Consequently, we’ll choose the alternative hypothesis that states the mean difference is greater than zero (Population mean – Target value > 0). The null hypothesis states that the difference between the population mean and target value is less than or equal to zero.

To interpret the results, compare the p-value to your significance level. If the p-value is less than the significance level, you know that the test statistic fell into the critical region. For this study, the statistically significant result supports the notion that the population mean is greater than the target value of 100.

Confidence intervals for a one-tailed test are similarly one-sided. You’ll obtain either an upper bound or a lower bound. In this case, we get a lower bound, which indicates that the population mean is likely to be greater than or equal to 100.631. There is no upper limit to this range.

A lower-bound matches our goal of determining whether the new parts are stronger than our target value. The fact that the lower bound (100.631) is higher than the target value (100) indicates that these results are statistically significant.

This test is unable to detect a negative difference even when the sample mean represents a very negative effect.

### Advantages and disadvantages of one-tailed hypothesis tests

One-tailed tests have more statistical power to detect an effect in one direction than a two-tailed test with the same design and significance level. One-tailed tests occur most frequently for studies where one of the following is true:

- Effects can exist in only one direction.
- Effects can exist in both directions but the researchers only care about an effect in one direction. There is no drawback to failing to detect an effect in the other direction. (Not recommended.)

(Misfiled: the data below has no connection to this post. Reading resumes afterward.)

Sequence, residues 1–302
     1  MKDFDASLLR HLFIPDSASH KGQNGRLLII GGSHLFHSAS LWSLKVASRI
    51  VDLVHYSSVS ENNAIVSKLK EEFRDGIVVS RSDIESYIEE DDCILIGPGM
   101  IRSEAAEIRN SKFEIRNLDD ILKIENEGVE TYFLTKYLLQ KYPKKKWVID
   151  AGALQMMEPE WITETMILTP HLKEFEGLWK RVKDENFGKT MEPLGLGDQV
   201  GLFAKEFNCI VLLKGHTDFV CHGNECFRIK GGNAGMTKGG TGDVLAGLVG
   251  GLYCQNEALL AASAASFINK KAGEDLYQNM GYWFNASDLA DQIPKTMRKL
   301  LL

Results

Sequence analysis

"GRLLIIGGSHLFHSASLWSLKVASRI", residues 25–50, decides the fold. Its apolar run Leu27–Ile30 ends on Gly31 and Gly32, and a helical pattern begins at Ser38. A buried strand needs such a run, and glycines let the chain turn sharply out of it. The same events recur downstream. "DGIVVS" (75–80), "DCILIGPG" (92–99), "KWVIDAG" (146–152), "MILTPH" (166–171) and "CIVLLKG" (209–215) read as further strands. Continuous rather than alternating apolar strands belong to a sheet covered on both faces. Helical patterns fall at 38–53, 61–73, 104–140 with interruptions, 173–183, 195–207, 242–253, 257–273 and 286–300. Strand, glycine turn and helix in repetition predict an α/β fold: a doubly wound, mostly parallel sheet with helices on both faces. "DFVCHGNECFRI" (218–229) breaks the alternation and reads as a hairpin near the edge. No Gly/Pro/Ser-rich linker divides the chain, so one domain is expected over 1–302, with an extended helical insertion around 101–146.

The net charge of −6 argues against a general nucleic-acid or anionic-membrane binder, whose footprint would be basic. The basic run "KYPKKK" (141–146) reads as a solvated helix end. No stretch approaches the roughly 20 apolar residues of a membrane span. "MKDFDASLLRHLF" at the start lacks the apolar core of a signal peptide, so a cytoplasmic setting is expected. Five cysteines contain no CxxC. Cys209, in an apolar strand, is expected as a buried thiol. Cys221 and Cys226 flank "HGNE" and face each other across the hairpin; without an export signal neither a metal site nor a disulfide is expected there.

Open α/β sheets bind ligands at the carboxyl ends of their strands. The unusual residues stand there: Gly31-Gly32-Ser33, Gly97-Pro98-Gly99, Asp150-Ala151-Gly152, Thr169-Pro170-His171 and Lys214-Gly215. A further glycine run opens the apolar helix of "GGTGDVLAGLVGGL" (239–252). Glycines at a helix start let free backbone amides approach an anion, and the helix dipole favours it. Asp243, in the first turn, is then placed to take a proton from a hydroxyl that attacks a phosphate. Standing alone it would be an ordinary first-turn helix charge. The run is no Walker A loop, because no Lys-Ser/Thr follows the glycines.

The disadvantage of one-tailed tests is that they have no statistical power to detect an effect in the other direction.

As part of your pre-study planning process, determine whether you’ll use the one- or two-tailed version of a hypothesis test. To learn more about this planning process, read 5 Steps for Conducting Scientific Studies with Statistical Analyses.

This post explains the differences between one-tailed and two-tailed statistical hypothesis tests. How these forms of hypothesis tests function is clear and based on mathematics. However, there is some debate about when you can use one-tailed tests. My next post explores this decision in much more depth and explains the different schools of thought and my opinion on the matter—When Can I Use One-Tailed Hypothesis Tests.

If you’re learning about hypothesis testing and like the approach I use in my blog, check out my eBook!

Ches says

Hi Jim,

thank you for the thoroughly explanation, I’m still strugling to wrap my mind around the t-table and the relation between the alpha values for one or two tail probability and the confidence levels on the bottom (I’m understanding it so wrongly that for me it should be the oposite, like one tail 0,05 should correspond 95% CI and two tailed 0,025 should correspond to 95% because then you got the 2,5% on each side). In my mind if I picture the one tail diagram with an alpha of 0,05 I see the rest 95% inside the diagram, but for a one tail I only see 90% CI paired with a 5% alpha… where did the other 5% go? I tried to understand when you said we should just double the alpha for a one tail probability in order to find the CI but I still cant picture it. I have been trying to understand this. Like if you only have one tail and there is 0,05, shouldn’t the rest be on the other side? why is it then 90%…

I know I’m missing a point and I can’t figure it out and it’s so frustrating…

Jim Frost says